The growth and thermal stability of ultrathin ZrO2 films on the Si-rich Si(0001)-(3 x 3) surface have been explored using photoelectron spectroscopy (PES) and X-ray absorption spectroscopy (XAS). The films were grown in situ by chemical vapor deposition using the zirconium tetra tert-butoxide (ZTB) precursor. The O 1s XAS results show that growth at 400 degrees C yields tetragonal ZrO2. An interface is formed between the ZrO2 film and the SiC substrate. The interface contains Si in several chemically different states. This gives evidence for an interface that is much more complex than that formed upon oxidation with O-2. Si in a 4+ oxidation state is detected in the near surface region. This shows that intermixing of SiO2 and ZrO2 occurs, possibly under the formation of silicate. The alignment of the ZrO2 and SiC band edges is discussed based on core level and valence PES spectra. Subsequent annealing of a deposited film was performed in order to study the thermal stability of the system. Annealing to 800 degrees C does not lead to decomposition of the tetragonal ZrO2 (t-ZrO2) but changes are observed within the interface region. After annealing to 1000 degrees C a laterally heterogeneous layer has formed. The decomposition of the film leads to regions with t-ZrO2 remnants, metallic Zr silicide and Si aggregates.

Keywords
zirconium dioxide; silicon carbide; chemical vapor deposition; semiconductor-insulator interfaces; synchrotron radiation photoelectron; spectroscopy; X-ray absorption spectroscopy
National Category
Physical Sciences
Identifiers
urn:nbn:se:uu:diva-94711 (URN)10.1016/j.susc.2007.04.026 (DOI)000247408600016 ()
Available from: 2006-09-04 Created: 2006-09-04 Last updated: 2017-12-14Bibliographically approved
8. Initial stages of metal-organic chemical-vapor deposition of ZrO2 on a FeCrAl alloy
Open this publication in new window or tab >>Initial stages of metal-organic chemical-vapor deposition of ZrO2 on a FeCrAl alloy
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2008 (English)In: Thin Solid Films, ISSN 0040-6090, E-ISSN 1879-2731, Vol. 516, no 6, p. 875-879Article in journal (Refereed) Published
Abstract [en]

The initial stages of metal-organic chemical-vapor deposition of ZrO2 on a model FeCrAl alloy was investigated using synchrotron radiation photoelectron spectroscopy, X-ray absorption spectroscopy, scanning Auger microprobe, and time of flight secondary mass spectrometry. The coatings were grown in ultra-high vacuum at 400 degrees C and 800 degrees C using the single source precursor zirconium tetra-tert-butoxide. At 400 degrees C the coatings mainly consist of tetragonal ZrO2 and at 800 degrees C a mixed ZrO2/Al2O3 layer is formed. The Al metal diffuses from the FeCrAl bulk to the metal/coating interface at 400 degrees C and to the surface of the coating at 800 degrees C. The result indicates that the reaction mechanism of the growth process is different at the two investigated temperatures.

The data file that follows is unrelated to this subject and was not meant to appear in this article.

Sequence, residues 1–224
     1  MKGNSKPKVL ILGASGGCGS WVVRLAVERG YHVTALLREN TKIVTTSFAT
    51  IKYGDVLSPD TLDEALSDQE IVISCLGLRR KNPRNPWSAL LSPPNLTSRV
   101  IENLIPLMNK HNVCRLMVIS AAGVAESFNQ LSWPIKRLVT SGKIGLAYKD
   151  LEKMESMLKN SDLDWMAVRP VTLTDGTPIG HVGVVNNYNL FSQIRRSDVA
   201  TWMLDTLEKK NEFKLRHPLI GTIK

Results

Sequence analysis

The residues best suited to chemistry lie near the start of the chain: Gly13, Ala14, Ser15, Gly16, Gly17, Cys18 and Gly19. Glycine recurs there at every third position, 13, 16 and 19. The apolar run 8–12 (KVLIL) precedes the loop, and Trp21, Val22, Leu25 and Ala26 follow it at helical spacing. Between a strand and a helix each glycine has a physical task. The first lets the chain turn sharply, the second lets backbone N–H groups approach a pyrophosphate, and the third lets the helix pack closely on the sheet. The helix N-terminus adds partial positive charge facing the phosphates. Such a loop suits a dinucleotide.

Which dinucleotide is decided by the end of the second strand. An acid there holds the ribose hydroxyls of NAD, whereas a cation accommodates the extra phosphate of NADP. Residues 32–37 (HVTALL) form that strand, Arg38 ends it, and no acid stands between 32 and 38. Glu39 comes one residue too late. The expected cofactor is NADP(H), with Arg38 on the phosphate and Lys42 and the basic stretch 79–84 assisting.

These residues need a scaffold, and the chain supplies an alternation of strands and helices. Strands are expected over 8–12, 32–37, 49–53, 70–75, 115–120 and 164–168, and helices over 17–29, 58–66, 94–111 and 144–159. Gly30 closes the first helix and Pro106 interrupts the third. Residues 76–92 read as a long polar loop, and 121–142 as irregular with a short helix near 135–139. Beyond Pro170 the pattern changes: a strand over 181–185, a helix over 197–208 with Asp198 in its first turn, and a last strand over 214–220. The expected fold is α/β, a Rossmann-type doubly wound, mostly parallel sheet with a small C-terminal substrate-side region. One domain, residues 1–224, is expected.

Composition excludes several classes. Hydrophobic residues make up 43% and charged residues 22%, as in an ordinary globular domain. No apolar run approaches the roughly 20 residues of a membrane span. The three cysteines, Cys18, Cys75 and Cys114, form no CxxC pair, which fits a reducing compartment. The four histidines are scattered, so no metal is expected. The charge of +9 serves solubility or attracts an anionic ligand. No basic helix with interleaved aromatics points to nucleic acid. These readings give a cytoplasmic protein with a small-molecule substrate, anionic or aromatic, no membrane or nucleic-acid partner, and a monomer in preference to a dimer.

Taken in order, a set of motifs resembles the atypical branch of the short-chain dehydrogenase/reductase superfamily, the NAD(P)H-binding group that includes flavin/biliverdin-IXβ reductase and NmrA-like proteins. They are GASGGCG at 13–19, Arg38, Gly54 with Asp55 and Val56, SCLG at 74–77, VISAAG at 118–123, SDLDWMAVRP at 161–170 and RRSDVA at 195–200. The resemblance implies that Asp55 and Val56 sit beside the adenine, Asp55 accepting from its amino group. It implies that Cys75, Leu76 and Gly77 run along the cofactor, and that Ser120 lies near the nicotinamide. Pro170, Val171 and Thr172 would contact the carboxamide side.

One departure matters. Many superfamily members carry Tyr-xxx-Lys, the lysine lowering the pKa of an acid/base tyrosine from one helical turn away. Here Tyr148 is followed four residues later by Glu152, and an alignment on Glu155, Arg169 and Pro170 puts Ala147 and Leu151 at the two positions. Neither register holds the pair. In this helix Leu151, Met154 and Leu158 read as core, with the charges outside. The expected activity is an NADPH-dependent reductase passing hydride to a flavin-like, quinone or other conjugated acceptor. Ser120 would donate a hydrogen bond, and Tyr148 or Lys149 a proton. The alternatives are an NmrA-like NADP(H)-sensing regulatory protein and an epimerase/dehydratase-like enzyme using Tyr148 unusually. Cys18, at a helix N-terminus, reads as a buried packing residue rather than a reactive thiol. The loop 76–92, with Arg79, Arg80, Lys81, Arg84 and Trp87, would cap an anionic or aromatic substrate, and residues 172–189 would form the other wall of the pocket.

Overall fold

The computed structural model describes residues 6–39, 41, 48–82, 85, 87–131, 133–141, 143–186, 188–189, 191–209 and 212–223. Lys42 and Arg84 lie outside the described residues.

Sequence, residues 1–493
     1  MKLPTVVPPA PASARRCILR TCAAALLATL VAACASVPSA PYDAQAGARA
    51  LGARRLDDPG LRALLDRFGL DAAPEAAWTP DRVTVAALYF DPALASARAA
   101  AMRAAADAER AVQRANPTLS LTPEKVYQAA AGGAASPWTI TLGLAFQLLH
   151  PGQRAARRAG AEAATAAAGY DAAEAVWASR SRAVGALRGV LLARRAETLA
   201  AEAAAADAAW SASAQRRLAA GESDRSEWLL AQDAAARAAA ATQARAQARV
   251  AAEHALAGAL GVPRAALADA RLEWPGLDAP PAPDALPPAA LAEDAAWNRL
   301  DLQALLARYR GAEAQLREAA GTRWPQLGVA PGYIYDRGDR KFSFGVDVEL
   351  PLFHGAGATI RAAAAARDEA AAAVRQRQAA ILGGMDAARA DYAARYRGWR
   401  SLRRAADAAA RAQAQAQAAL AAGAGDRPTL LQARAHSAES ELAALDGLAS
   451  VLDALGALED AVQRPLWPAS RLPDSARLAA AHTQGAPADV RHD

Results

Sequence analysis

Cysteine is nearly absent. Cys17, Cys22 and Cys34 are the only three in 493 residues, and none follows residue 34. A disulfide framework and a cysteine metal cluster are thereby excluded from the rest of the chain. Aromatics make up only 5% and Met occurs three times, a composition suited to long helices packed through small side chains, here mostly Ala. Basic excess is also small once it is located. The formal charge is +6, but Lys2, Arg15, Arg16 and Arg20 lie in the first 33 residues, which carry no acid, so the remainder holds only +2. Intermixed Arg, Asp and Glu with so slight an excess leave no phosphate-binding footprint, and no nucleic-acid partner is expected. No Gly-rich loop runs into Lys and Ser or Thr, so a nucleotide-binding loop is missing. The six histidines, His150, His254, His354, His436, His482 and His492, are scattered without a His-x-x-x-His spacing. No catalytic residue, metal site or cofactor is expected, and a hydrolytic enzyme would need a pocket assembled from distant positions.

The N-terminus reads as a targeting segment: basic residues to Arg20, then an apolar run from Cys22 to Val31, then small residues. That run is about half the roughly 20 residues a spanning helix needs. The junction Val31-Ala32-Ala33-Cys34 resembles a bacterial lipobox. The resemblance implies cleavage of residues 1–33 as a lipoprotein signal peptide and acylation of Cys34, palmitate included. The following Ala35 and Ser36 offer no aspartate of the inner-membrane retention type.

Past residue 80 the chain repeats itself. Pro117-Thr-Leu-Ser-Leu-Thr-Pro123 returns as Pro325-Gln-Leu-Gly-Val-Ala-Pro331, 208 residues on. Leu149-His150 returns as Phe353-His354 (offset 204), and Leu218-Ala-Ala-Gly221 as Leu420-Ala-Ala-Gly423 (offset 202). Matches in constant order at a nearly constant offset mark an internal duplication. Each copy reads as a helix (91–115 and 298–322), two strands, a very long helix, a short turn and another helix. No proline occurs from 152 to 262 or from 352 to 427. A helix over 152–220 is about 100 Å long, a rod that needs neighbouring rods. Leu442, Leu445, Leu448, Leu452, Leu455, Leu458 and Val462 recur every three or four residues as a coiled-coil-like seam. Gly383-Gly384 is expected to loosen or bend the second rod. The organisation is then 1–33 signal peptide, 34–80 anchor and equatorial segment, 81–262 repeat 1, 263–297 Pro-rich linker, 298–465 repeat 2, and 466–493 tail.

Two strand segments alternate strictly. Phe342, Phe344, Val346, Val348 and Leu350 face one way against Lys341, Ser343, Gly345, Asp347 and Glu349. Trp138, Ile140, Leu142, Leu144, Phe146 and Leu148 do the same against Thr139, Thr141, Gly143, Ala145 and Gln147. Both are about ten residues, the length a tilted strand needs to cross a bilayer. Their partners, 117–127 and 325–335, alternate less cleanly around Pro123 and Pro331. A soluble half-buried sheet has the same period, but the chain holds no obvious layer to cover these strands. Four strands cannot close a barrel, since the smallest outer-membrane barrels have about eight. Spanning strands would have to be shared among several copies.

Keywords
metal-organic chemical-vapor deposition (MOCVD), zirconium tetra-tert-butoxide (ZTB), zirconium oxide, FeCrAl-alloy, time of flight secondary ion mass spectrometry (ToF-SIMS), X-ray photoelectron spectroscopy (XPS), X-ray absorption spectroscopy (XAS)
National Category
Physical Sciences
Identifiers
urn:nbn:se:uu:diva-94712 (URN)10.1016/j.tsf.2007.04.048 (DOI)000252980400001 ()
Available from: 2006-09-04 Created: 2006-09-04 Last updated: 2017-12-14Bibliographically approved
9. Surface chemistry of HfI4 on Si(100)-(2x1) studied by core level photoelectron spectroscopy
Open this publication in new window or tab >>Surface chemistry of HfI4 on Si(100)-(2x1) studied by core level photoelectron spectroscopy
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2007 (English)In: Surface Science, ISSN 0039-6028, E-ISSN 1879-2758, Vol. 601, no 4, p. 917-923Article in journal (Refereed) Published
Abstract [en]

The chemistry of HfI4 adsorbed on the Si(100)-(2 x 1) surface has been studied by core level photoelectron spectroscopy in ultra-high vacuum. Two stable surface intermediates are identified: HfI3 and HfI2, both of which remain upon heating to 690 K. The dissociation of HfI4 is accompanied by the formation of SiI. In addition, HfI4 is observed up to 300 K. Complete desorption of iodine occurs in the temperature regime 690-780 K. Deposition of HfI4 at 870 K results in a layer consisting of metallic Hf, whereas deposition at 1120 K results in the formation of Hf silicide. The results indicate that the metallic Hf formed at 870 K is in the form of particles. Oxidation of this film by O2 at low pressure does not result in complete Hf oxidation. This suggests that complete oxidation of Hf is a critical step when using HfI4 as precursor in atomic layer deposition.

Keywords
Atomic layer deposition, Chemisorption, Hafnium iodide, Hafnium oxide, Low index single crystal surfaces, Silicon, Synchrotron radiation photoelectron spectroscopy